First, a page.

faculty: "FGw" and publication year: "2008"
| Author||Suzanne Dejevij|
|Title||Cannibalism, Kings and Travelers. Anthropophagy in Shakespeare, Melville and Conrad. An Analysis of the Function and Perversity of Cannibalism in Literature|
|Faculty||Faculty of Humanities|
|Programme||FGw MA Engelse taal en cultuur|
|Classification||18.05 ; 18.06 |
|Abstract||The consumption of human flesh has fascinated writers and researchers throughout the centuries. The kinds of writings differ, from ethnographic accounts by anthropologists to metaphorical prose in philosophical essays as well as the use of language. Cannibalism, or anthopophagy is a social taboo in most societies and religions over the world, yet it appears to be a fascinating subject in literature. Despite its horrifying nature, it is a frequent and|
recurrent theme in literature. Over the centuries, the use of cannibalism in literature has changed in function and meaning. The notion of cannibalism has different functions and meanings in both William Shakespeare’s Titus Andronicus, Herman Melville’s Typee and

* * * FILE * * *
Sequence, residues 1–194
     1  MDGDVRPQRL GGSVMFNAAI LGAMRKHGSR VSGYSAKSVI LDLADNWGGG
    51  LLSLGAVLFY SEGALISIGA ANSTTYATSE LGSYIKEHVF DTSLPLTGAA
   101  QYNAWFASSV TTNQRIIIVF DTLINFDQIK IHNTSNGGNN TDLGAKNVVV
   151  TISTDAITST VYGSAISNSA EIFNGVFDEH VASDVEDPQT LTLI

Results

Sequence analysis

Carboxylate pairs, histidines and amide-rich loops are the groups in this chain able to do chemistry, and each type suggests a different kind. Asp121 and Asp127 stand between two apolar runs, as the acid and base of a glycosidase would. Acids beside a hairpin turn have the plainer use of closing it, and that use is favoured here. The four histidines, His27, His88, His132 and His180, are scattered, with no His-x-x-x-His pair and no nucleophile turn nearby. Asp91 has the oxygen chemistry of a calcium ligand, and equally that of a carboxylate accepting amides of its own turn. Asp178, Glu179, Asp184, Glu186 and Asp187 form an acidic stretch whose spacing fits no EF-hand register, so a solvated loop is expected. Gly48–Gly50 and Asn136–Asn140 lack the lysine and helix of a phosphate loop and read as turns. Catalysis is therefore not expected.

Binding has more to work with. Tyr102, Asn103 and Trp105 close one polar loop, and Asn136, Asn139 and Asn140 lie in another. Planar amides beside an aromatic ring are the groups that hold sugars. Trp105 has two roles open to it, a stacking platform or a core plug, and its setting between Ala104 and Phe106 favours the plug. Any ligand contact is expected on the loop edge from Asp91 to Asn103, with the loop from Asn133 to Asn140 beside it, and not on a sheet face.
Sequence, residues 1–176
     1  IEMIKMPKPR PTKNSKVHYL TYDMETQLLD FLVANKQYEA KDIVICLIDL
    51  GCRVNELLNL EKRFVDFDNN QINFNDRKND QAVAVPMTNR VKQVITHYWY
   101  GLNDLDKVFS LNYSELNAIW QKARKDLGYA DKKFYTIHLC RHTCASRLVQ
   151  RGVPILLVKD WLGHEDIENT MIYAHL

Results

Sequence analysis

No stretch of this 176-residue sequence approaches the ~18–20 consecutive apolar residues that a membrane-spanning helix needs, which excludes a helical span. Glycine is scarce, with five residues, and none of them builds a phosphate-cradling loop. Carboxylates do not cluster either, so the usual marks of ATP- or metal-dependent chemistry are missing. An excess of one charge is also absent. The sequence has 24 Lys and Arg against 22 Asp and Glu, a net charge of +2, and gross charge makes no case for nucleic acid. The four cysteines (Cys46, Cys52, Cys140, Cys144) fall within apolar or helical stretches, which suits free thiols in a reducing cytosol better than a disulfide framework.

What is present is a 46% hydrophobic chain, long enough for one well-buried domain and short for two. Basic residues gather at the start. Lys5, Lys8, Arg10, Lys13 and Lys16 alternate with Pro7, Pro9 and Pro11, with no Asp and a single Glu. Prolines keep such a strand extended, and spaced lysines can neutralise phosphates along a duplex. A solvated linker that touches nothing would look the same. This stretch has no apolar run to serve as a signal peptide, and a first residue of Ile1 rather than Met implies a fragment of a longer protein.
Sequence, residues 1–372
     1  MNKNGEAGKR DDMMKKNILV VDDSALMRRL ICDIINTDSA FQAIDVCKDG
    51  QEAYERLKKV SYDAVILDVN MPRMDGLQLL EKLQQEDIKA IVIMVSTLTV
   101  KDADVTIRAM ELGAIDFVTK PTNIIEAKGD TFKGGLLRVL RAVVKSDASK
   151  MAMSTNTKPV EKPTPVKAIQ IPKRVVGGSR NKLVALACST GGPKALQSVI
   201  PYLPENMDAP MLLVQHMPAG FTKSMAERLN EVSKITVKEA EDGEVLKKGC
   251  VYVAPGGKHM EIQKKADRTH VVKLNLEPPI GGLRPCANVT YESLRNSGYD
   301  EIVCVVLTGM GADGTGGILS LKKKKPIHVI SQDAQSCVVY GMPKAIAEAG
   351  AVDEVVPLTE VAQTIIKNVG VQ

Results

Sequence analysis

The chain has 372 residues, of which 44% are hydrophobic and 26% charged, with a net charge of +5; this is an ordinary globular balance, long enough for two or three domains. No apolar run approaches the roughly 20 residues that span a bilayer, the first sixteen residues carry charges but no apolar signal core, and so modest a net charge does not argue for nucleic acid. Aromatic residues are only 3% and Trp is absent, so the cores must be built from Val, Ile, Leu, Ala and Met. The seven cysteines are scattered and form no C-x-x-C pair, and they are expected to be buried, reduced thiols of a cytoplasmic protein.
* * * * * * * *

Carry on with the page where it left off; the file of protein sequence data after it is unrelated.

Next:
Joseph Conrad’s Falk. All of these stories were written in different periods and reflect the different perspectives of their times. However, there is a main theme of the perversion of society and human nature and the exploration of the fine line between the cultured and the primitive, sanity and madness, nature and society.
|Document type|| scriptie master|
Use this url to link to this page: http://dare.uva.nl/en/scriptie/281956
Contact us about this recordNotify a colleague
Add to bookbag